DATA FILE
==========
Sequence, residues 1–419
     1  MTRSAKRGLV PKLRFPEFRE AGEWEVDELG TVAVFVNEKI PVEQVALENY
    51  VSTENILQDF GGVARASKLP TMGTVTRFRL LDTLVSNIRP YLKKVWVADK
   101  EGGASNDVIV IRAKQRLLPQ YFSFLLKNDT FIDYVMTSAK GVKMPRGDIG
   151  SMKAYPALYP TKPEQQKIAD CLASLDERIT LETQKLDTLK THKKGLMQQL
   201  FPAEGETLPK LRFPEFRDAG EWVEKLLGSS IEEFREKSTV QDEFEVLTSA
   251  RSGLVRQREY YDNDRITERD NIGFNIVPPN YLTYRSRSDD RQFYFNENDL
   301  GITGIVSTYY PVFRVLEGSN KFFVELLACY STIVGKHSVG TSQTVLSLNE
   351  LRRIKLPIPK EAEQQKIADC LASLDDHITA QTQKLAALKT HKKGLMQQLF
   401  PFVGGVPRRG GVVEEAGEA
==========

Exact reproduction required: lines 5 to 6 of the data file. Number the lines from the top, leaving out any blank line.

   151  SMKAYPALYP TKPEQQKIAD CLASLDERIT LETQKLDTLK THKKGLMQQL
   201  FPAEGETLPK LRFPEFRDAG EWVEKLLGSS IEEFREKSTV QDEFEVLTSA